8. flyingron

    flyingron Touchdown! Greaser! PoA Supporter

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    I can tell you that as the "airport manager" I have gotten the call. I've also been overflying airports and had center ask me to give a call on the Unicom for them and see if the guy was on the ground.
     
  9. Velocity173

    Velocity173 Touchdown! Greaser!

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    You really only get in trouble if you forget to cancel your IFR at a towered field. ;)
     
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  10. benyflyguy

    benyflyguy En-Route

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    Welp, I’ll fess up. I did this a couple of weeks ago. IFR field. Non-towered. Not busy. I typically cancel in the air. But when night I cancel on the ground in case I have to do a go around for deer on the runway ( has happened before). Landed, got distracted talking to hangar buddy about something that happened at the airport I just left. 3 hours later maybe I get a call, from my fiend and fellow club member asking if closed flight plan. I call the tower I was talking with and apologize. Told that they sent state police to airport plane is in hangar so they couldn’t find it. They take my name and number.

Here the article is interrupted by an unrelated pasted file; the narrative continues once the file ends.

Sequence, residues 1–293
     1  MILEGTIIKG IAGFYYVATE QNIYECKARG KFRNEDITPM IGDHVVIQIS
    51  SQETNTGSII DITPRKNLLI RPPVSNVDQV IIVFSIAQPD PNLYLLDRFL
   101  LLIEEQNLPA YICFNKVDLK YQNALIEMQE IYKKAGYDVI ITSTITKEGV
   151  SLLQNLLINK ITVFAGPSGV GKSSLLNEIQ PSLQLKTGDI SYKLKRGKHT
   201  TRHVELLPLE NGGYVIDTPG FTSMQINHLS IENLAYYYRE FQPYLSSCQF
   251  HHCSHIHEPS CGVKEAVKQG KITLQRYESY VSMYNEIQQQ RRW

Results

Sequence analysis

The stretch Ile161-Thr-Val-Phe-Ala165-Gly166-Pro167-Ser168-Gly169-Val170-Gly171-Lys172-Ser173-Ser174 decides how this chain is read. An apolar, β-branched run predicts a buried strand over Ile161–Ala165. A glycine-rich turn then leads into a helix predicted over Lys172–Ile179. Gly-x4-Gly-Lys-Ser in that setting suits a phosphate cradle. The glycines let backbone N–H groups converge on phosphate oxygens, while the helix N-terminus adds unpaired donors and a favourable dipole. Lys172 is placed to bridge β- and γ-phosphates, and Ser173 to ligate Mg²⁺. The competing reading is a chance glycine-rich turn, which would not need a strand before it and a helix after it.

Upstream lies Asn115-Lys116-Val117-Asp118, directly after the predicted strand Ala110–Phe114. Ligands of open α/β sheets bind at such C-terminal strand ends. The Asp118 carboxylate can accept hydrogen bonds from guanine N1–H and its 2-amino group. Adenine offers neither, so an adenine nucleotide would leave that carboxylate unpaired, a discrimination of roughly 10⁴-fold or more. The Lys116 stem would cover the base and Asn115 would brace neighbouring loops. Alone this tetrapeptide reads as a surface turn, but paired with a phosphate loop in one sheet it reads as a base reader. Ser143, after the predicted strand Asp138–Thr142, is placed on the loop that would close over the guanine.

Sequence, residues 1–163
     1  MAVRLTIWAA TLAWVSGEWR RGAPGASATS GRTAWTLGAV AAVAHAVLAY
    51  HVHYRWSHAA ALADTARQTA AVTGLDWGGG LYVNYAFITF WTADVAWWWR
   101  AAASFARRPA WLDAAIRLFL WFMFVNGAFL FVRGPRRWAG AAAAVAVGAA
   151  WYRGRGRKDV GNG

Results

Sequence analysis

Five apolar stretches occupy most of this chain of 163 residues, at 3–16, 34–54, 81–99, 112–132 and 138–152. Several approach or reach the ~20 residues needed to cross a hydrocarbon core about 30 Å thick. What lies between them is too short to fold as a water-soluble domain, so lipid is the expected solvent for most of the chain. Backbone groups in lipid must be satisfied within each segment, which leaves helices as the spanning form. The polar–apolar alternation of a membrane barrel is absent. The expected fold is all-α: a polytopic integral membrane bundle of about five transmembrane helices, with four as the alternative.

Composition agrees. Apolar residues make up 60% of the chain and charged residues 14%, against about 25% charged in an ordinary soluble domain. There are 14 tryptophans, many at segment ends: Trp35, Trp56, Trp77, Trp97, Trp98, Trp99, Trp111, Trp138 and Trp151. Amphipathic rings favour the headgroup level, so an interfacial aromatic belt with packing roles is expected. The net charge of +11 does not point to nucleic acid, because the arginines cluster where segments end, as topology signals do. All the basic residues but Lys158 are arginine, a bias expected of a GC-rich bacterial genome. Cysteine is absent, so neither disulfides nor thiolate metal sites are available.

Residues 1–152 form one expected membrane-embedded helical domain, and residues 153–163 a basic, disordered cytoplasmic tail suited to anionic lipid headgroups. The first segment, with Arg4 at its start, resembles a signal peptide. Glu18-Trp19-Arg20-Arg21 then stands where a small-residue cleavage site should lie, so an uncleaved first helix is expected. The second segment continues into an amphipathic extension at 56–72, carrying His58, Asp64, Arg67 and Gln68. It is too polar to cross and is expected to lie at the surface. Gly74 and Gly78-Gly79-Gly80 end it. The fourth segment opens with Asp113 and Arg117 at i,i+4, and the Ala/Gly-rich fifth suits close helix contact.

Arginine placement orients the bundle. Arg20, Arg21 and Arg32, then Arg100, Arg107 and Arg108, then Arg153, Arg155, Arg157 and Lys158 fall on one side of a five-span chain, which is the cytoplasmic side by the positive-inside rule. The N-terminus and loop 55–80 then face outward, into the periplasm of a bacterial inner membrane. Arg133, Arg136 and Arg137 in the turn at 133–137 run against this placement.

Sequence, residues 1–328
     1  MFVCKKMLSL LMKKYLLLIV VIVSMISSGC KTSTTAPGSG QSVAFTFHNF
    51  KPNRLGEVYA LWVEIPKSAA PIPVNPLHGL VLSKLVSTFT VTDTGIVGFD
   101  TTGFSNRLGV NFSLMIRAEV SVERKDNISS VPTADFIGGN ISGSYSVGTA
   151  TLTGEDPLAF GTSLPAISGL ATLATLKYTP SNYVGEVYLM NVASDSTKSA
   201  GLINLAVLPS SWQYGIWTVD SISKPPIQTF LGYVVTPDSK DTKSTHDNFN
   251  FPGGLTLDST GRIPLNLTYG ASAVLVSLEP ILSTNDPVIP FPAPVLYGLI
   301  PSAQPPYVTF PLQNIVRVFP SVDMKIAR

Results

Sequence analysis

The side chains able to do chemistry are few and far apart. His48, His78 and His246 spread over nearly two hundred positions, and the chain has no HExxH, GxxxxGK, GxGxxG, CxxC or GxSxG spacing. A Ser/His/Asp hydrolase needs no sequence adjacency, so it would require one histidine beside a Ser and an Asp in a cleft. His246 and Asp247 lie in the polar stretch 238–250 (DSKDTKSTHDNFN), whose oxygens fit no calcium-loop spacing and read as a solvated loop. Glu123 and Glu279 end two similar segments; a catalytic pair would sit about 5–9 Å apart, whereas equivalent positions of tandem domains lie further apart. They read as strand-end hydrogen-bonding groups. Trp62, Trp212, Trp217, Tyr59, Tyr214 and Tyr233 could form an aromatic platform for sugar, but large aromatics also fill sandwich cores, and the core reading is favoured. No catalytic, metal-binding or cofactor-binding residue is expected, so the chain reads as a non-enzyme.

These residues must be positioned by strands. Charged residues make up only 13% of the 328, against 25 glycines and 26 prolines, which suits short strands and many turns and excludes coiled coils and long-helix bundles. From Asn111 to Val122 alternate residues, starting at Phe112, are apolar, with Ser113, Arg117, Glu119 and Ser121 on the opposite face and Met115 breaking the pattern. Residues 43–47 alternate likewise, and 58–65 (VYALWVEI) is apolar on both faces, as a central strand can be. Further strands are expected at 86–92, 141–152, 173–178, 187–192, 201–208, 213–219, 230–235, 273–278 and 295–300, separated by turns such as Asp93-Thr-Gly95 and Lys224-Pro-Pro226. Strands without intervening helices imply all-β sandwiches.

so the ATC never called me. My number was on the flight plan. They called airport manager who didn’t recognize our flight plane name until he got a third call about and called my friend. So they didn’t sent out chopper but apparently they were getting ready to.
    So two weeks later I get the expected call from the FSDO. Was very nice. Told him what happened and it was on me. He emailed me some stuff to read and review prior to next talk. We talked a week later and fortunately this fell under some compliance program without any violation issued. Made some changes to my checklist and backup note in my tach log. As he stated this is usually a mistake you only make once.